Back in the USSR, the crew of the ill-fated K-19 are hospitalized for radiation poisoning, with cases ranging from minor to extremely critical. Taking the full brunt of the disaster, of course, were those nearest to reactor number one. Captain Zateyev, knowing the critically afflicted are doomed, makes his last farewell to these men before they are flown to Moscow to be treated at the Institute of Biophysics. All six sailors would later die.
Bone-marrow transplants and blood transfusions are administered to many of the survivors in order to combat radiation sickness. On September 27, 1961, a military medical commission officially diagnoses the K-19 group as suffering from "asthenic vegetative syndrome" – a mental disorder. The phony diagnosis is rendered in order to mask their true condition and thus keep the fate of the K-19 from becoming public knowledge. It is a ruse the Soviet government would employ many times in order to conceal their naval disasters.
After undergoing extended decontamination, repairs and the installation of an entirely new power plant, the K-19 returned to service in January 1964. More problems, however, plagued the ship, including a collision with the American submarine USS Gato in 1969, a major fire in compartment nine in 1972 and an oxygen explosion and fire in her reactor compartment while in port in 1976. Decommissioned in 1991, the K-19 – nicknamed "Hiroshima" in a bit of gallows humor – is moored today at the Shkval shipyard in Polyarny.
More Soviet/Russian Naval Disasters
The remainder of K-19: The Widowmaker deals with the many naval problems experienced by the USSR (and later the Russian Federation) from the 1960s to the beginning of the 21st century. In addition to the narrative, a handy appendix titled "Soviet/Russian Naval Accidents" is included in the book, listing these mishaps from 1952 to 2000. The final entry is the August 12, 2000, explosion aboard the submarine K-141 Kursk, which went down in 356 feet of water north of the Kola Gulf, claiming 118 crewmen.
The lasting legacy of these nuclear disasters at sea is driven home by the author via a number of chilling statistics. Citing the official 1992 Yablokov Report, a survey commissioned by the Boris Yeltsin government, Huchthausen reports that "eight Russian submarines lie at the bottom of the Atlantic, Barents, and Pacific, along with eighteen reactors in various states of damage – six still containing partially spent nuclear fuel. This total includes those submarines scuttled with their reactors aboard. Additionally, more than 46 nuclear warheads are scattered in the world's seabeds – 44 of them in 18,000 feet of water 450 miles northeast of Bermuda, where they were lost inside the hull of the world's first nuclear-powered submarine to sink at sea [in 1986] loaded with ballistic missiles – a Project 667 Navaga submarine with 16 missiles, each tipped with two nuclear warheads..."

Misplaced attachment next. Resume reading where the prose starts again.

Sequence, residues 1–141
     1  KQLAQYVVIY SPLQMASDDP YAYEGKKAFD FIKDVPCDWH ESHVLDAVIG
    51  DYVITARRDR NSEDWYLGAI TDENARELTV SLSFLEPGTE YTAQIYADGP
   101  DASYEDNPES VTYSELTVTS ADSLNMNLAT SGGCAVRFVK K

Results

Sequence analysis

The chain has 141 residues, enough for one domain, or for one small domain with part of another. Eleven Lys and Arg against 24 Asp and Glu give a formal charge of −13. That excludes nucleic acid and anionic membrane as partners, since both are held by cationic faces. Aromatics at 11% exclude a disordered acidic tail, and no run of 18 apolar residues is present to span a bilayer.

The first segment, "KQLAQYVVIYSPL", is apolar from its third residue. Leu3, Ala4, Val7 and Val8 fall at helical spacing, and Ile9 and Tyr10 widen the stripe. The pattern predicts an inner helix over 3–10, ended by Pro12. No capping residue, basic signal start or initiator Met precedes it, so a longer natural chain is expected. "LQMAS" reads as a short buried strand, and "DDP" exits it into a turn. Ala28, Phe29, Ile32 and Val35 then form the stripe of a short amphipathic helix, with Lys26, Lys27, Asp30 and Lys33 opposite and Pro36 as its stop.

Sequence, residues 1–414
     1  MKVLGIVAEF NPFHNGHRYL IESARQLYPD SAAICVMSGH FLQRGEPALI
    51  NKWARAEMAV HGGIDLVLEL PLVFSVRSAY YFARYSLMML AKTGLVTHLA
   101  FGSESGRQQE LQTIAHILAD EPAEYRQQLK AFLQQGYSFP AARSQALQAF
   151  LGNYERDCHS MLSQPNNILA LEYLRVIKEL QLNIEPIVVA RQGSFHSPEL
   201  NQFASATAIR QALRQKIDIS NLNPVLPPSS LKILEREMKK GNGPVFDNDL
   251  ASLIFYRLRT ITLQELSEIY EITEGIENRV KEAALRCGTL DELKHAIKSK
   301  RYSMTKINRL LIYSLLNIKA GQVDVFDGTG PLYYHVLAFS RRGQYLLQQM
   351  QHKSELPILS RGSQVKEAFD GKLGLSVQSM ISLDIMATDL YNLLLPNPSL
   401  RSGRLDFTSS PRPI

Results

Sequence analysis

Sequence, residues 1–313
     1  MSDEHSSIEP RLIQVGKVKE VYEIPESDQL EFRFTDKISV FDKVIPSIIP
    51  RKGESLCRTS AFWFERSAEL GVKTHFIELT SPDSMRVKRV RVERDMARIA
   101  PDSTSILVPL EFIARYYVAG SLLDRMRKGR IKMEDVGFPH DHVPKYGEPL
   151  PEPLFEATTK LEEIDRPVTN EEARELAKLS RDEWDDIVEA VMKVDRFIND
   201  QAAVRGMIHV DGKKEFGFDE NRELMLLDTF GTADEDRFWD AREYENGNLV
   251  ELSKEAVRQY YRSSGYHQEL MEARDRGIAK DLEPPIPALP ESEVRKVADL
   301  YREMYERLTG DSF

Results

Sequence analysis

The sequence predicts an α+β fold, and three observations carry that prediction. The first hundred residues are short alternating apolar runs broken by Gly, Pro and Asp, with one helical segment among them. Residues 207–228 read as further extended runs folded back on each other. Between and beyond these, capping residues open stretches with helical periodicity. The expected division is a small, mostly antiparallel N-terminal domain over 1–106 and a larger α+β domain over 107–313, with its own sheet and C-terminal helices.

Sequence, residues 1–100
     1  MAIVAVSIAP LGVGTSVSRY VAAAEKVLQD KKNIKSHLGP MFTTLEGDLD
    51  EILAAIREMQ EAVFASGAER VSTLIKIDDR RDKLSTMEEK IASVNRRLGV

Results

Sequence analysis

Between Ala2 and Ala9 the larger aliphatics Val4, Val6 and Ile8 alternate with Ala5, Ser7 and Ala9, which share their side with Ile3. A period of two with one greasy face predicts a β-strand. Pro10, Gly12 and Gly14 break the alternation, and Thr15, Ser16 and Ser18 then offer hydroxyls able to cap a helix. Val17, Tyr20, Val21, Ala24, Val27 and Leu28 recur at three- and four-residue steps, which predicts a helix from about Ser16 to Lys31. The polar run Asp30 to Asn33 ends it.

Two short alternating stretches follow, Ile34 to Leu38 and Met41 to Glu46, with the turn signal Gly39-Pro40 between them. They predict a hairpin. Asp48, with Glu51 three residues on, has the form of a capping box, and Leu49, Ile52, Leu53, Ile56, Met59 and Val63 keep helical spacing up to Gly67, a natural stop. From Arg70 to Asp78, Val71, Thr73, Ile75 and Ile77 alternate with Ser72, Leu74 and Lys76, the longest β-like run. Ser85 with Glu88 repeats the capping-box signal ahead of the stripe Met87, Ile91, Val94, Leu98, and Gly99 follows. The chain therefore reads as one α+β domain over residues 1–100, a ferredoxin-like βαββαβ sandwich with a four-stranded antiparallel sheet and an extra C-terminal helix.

The plutonium from an atomic warhead, Huchthausen explains, has serious consequences. For its entire half life, estimated at 200,000 years, it has the potential to remain a threat to sea life and the vital food chain in the world's oceans, "a grim prospect at best," the author concludes.
K-19: The Widowmaker Movie
K-19: The Widowmaker ends with an afterword by Kathryn Bigelow, the director of the $80 million Paramount Pictures film of the same title which hit movie theaters on July 19, 2002. Movie fans will find this section interesting, as it details the genesis of the picture: early development, research trips to Russia, casting (Harrison Ford, Liam Neeson, Peter Sarsgaard as the fictionalized principals) and on-location filming in Halifax, Nova Scotia, which doubled for the actual Russian submarine fleet headquarters in Murmansk.
K-19 is far from being a perfect book. Choppy editing, minor errors (two dates are given for the launching of the USS Nautilus, 1956 and the correct one of 1954), an occasional zigzagging chronology and what I found to be an oftentimes self-serving memoir by the doomed sub's captain, the late Nikolai Zateyev.
But the greater good of the book overshadows these imperfections. For those who want to learn more about the secret history of the submarine derisively called "Hiroshima" as well as other previously hidden incidents which plagued the Soviet/Russian Navy, K-19: The Widowmaker is definitely the literary ship to board.
Harrison Ford, left, with Liam Neeson in K-19: The Widowmaker (Paramount Pictures)
Vital Book Statistics
- K-19: The Widowmaker: The Secret Story of the Soviet Nuclear Submarine by Peter Huchthausen (National Geographic Books, 2002)
- Soft Cover 243 pages with 23 photos
- Price: $16
- Memorable passage: "Before they were loaded into the helicopters, I went to say goodbye to Korchilov, Ordochkin, Kashenkov, Savkin, Penkov, and Kharitonov. I approached Boris Korchilov first. My God, what a toll the radiation had taken! His face was red, his lips swollen, his tongue so thick he could barely talk, his eyes swollen shut." - Captain Nikolai Zateyev
- The K-19 traversing the ocean's surface (United States Navy)